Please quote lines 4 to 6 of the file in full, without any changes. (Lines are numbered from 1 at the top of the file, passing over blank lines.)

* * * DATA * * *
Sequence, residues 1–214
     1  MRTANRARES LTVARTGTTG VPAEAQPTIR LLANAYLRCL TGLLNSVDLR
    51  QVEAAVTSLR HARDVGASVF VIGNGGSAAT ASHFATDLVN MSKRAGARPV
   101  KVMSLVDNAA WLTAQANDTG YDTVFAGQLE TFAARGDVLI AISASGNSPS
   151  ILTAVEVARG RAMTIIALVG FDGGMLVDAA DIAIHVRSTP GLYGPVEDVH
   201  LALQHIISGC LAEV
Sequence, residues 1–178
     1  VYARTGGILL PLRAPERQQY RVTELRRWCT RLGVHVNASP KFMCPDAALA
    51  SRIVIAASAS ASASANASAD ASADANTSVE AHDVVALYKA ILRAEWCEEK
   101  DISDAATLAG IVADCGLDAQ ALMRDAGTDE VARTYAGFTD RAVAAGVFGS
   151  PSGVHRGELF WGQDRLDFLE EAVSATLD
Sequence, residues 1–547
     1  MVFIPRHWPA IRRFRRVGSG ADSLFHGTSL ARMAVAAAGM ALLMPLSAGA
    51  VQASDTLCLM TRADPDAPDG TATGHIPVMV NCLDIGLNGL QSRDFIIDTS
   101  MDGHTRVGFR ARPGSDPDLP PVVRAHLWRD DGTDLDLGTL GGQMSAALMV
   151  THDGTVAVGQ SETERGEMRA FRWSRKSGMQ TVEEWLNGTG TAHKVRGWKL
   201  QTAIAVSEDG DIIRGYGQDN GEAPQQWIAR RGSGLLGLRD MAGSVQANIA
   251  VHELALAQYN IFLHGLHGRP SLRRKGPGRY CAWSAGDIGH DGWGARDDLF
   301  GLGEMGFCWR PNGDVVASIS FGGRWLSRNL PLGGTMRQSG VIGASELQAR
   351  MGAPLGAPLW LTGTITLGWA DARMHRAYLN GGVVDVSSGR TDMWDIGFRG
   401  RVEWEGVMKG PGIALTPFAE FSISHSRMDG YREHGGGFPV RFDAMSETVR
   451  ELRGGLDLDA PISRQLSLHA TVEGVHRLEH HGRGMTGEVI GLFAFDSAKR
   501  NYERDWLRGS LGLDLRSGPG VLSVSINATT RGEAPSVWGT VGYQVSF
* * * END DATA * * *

   101  KVMSLVDNAA WLTAQANDTG YDTVFAGQLE TFAARGDVLI AISASGNSPS
   151  ILTAVEVARG RAMTIIALVG FDGGMLVDAA DIAIHVRSTP GLYGPVEDVH
   201  LALQHIISGC LAEV